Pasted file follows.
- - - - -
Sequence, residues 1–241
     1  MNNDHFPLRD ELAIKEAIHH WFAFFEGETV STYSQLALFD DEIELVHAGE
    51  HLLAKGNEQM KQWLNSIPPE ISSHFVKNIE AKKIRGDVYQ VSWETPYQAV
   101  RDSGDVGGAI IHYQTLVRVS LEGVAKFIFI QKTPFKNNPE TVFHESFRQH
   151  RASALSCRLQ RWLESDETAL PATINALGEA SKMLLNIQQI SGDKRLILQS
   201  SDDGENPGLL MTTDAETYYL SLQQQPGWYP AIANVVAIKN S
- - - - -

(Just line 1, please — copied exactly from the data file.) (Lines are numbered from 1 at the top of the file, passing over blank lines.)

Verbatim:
Sequence, residues 1–241